Zero Waste is the Solution

New Englanders continue to accept dangerous landfills and incinerators as the status quo for managing our trash because public officials fail to implement and enforce waste reduction policies. They are, unfortunately, captives of corporate waste companies who constantly tell us that burning or burying our trash is the only way to deal with our waste. But that’s simply not true. 

We don’t need bigger landfills. We do need to produce less trash. And we can do that by adopting sustainable Zero Waste alternatives that can help phase out polluting trash systems that poison our environment and our communities. These alternatives help us rethink the design of products and packaging and how our trash is managed. Plus, Zero Waste programs don’t harm people, the planet, or our economy.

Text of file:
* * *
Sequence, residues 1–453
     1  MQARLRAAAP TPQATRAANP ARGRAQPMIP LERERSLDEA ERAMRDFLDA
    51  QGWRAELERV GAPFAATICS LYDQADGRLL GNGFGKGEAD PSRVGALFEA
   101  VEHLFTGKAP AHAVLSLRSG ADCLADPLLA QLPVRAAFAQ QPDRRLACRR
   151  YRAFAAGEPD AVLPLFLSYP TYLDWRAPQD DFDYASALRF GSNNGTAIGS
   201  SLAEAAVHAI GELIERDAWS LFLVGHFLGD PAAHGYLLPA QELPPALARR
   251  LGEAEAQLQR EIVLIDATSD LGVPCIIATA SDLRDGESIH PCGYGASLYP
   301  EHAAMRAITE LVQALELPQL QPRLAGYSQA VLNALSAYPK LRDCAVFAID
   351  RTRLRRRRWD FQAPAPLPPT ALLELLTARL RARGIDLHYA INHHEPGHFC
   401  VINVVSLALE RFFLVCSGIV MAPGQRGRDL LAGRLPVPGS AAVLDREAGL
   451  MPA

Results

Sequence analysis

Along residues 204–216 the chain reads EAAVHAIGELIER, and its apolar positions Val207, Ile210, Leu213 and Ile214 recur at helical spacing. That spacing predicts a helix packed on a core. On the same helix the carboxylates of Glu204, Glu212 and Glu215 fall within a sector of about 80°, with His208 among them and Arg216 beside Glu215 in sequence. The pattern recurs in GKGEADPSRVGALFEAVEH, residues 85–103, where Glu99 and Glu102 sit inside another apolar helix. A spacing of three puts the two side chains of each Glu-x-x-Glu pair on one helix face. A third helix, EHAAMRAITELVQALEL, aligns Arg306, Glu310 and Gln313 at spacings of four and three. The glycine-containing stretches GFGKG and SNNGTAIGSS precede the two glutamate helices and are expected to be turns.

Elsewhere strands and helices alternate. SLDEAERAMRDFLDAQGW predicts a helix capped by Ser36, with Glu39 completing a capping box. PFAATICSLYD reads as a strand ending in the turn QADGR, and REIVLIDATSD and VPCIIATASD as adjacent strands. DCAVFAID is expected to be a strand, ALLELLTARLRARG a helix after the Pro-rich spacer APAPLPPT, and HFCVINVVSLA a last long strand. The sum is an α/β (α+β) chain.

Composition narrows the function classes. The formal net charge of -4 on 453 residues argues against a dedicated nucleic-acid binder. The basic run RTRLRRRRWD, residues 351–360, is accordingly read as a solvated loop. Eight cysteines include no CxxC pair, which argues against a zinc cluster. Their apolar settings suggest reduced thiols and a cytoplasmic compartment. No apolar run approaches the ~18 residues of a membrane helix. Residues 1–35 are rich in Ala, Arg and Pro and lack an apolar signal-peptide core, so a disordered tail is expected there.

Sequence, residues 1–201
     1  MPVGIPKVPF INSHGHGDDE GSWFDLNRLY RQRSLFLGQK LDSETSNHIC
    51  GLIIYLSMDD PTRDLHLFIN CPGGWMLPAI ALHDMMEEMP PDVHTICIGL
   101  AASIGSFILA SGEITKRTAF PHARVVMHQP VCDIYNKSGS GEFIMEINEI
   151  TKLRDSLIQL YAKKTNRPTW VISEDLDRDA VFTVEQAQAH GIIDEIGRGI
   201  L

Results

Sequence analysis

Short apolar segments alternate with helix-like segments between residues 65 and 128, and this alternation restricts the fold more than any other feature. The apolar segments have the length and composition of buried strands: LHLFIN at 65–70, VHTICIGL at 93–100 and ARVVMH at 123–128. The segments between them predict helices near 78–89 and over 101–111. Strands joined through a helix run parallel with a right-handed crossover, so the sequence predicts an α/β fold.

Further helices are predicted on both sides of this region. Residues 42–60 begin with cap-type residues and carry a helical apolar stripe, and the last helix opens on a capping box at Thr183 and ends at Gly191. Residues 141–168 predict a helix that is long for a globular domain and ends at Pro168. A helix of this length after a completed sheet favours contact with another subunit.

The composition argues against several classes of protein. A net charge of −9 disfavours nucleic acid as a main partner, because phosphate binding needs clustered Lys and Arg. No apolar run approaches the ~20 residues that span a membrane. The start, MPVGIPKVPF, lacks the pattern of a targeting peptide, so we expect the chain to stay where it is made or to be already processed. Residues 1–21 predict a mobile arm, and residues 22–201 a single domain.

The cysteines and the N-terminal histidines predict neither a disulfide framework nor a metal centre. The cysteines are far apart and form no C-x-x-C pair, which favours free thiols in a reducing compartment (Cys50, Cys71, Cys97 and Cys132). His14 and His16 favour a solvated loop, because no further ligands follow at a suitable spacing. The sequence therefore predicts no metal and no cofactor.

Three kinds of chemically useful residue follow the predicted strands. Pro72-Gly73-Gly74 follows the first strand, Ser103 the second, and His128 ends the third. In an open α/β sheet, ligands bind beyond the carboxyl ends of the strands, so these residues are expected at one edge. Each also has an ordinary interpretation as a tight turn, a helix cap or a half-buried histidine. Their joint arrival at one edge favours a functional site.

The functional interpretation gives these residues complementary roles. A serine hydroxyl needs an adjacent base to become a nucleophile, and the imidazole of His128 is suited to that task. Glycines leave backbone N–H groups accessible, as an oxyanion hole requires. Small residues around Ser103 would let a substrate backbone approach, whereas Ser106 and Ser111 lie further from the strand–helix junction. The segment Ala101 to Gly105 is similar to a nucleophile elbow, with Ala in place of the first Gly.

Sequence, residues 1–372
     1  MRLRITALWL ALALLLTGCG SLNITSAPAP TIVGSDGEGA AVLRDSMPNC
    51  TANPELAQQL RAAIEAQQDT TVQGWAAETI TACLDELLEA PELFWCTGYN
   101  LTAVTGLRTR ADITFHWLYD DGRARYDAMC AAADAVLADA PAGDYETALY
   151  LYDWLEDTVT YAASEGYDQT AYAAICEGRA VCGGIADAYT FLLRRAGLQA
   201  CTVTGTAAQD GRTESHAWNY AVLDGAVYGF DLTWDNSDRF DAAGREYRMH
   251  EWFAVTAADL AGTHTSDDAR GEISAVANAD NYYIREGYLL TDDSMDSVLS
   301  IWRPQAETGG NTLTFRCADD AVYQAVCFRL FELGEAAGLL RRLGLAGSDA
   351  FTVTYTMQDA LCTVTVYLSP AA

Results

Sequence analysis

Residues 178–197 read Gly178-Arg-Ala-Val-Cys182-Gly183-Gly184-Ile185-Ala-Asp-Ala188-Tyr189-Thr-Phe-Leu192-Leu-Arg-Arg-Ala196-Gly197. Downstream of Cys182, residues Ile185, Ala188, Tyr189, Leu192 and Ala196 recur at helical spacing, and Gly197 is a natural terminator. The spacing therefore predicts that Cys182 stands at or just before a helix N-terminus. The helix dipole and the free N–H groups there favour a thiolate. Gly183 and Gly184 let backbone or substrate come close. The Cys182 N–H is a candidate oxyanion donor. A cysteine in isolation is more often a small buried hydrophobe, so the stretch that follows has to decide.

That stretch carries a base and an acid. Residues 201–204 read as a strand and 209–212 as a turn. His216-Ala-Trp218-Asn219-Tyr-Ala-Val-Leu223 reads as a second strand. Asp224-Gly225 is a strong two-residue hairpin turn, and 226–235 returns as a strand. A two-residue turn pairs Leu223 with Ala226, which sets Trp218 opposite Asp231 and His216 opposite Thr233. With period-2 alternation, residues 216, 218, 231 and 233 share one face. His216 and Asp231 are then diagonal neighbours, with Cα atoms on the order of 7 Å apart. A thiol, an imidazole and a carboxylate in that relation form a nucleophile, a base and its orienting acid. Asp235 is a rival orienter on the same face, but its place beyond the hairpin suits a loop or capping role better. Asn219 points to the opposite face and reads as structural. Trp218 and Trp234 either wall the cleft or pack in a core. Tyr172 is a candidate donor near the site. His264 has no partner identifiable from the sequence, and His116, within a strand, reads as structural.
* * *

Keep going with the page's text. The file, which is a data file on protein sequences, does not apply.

You can help New England shut down the dangerous landfills harming communities in your state. Call on your governor today – urge them to put the health of your state and its people first by replacing these polluting garbage piles with Zero Waste alternatives.

Before you go… CLF is working every day to create real, systemic change for New England’s environment. And we can’t solve these big problems without people like you. Will you be a part of this movement by considering a contribution today? If everyone reading our blog gave just $10, we’d have enough money to fund our legal teams for the next year.